The “egg baby” has gone high-tech: Youth advocacy group Do Something has a teen pregnancy campaign that purports to teach young people what it’s like to have a baby via text message. Unfortunately, the campaign fails, in both concept and execution.
In a recent editorial, Paglia argues for moving toward a sex ed model in which young people learn reproductive biology in one class, study sexually transmitted diseases in another, and get a healthy dose of fear, shame, and gender stereotypes in yet another. But sexuality educators disagree.
Despite overwhelming scientific evidence showing that vaccines are safe and effective, many parents have become skeptical. Efforts to encourage these parents to change their minds have most often focused on correcting misinformation. A new study, however, suggests that this approach may backfire.
A local television station asked San Antonio parents how they felt about the American Academy of Pediactrics’ new suggestion that schools make condoms available to students. The results suggest that despite good research, myths about condoms leading to higher rates of sexual activity persist.
Like a lot of others, I was a “fast-tailed girl” before I really understood what those words meant.
South Carolina lawmakers are set to look at laws that make sexting between minors a crime and they are not alone; 21 states took up sexting laws in 2011. But in their rush to address this issue, too many states are punishing first and asking questions later.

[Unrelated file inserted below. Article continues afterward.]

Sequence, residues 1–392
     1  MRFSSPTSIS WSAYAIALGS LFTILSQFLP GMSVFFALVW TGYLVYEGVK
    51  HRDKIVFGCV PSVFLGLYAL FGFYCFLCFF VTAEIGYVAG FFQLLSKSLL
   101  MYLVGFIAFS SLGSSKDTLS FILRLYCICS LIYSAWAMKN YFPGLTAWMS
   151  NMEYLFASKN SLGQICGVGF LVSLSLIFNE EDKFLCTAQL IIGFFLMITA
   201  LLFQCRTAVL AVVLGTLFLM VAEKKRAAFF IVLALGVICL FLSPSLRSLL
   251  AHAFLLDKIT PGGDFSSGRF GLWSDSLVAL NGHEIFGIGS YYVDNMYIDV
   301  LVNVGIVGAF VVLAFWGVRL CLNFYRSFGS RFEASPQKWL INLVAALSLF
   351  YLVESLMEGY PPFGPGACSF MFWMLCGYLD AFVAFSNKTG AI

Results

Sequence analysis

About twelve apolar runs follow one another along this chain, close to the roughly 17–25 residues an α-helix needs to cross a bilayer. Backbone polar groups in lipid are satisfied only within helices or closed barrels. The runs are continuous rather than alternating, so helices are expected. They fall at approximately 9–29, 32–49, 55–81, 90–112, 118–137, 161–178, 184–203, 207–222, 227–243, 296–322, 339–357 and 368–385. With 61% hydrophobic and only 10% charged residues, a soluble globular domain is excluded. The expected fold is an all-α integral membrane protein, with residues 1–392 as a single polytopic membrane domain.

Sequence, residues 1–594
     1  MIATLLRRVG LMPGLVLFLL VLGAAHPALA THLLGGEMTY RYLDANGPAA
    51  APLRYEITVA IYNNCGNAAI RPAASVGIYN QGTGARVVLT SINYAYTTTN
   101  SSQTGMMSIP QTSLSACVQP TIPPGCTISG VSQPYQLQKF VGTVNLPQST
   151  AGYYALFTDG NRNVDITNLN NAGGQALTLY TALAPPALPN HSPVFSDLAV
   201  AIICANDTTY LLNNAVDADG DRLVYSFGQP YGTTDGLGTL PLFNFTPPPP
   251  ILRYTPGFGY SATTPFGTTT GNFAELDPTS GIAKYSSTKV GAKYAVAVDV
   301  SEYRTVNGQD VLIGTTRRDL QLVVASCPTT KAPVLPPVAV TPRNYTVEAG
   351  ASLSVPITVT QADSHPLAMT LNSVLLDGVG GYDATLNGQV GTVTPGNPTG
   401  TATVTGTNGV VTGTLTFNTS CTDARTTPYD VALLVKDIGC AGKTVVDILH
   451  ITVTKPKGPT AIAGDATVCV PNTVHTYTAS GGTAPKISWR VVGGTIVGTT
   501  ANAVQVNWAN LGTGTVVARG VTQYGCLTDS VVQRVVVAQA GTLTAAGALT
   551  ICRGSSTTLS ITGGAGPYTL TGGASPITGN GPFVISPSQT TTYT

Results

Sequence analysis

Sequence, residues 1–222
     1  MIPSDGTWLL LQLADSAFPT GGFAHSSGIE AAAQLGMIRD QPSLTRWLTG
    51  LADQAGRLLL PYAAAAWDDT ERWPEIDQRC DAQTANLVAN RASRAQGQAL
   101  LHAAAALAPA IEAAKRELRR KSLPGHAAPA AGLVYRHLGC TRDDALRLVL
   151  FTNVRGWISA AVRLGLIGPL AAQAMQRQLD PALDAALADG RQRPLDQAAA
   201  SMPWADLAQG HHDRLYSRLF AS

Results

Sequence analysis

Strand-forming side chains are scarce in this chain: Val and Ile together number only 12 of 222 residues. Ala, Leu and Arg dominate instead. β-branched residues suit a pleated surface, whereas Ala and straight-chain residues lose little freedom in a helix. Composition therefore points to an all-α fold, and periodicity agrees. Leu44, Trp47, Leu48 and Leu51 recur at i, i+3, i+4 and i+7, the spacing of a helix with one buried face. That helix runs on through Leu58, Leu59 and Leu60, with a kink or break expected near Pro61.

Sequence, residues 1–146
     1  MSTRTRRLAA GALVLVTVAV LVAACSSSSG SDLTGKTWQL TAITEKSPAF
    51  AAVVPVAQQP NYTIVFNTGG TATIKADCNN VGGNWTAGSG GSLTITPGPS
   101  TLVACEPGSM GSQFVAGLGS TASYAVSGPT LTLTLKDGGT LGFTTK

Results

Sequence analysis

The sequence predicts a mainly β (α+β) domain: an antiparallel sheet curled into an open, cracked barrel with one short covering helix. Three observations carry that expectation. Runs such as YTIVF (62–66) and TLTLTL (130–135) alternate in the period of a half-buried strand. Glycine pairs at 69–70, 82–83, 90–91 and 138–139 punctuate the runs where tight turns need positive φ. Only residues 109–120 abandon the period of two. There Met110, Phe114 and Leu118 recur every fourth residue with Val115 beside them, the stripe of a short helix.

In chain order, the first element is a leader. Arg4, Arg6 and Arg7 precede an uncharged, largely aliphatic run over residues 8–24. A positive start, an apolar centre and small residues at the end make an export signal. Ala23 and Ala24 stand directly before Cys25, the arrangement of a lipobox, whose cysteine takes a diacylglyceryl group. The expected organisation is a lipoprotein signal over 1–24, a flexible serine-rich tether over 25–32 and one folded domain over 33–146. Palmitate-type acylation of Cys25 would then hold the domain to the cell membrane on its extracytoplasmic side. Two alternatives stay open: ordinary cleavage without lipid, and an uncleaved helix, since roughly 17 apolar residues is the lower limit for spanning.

In the last few weeks, I learned that Bristol Palin was on the pill and all of the stars of 16 and Pregnant used condoms. I find this slightly curious because, as we know, all of them ended up parents before they graduated from high school. If I didn’t know any better, I would start to wonder if contraception just doesn’t work. But since I do know better, I am instead left wondering if the media is letting our most famous teen get one over on us and in the process perpetuating myths and misunderstandings about birth control.
Efforts in the United States to address adolescent sex have been directed toward preventing teenage sex as opposed to preventing its adverse consequences. These efforts probably have been unsuccessful in stemming sexual activity because teenagers have a hormonal imperative to explore their sexuality.
Is MTV’s new show a “gritty” look at teens’ lives without moralizing, or is it an overhyped remake looking for scandal to drive ratings?
Sex really is a lot like dancing. We move together, trying to gauge and flow with each other’s rhythms, following or mirroring each others’ steps.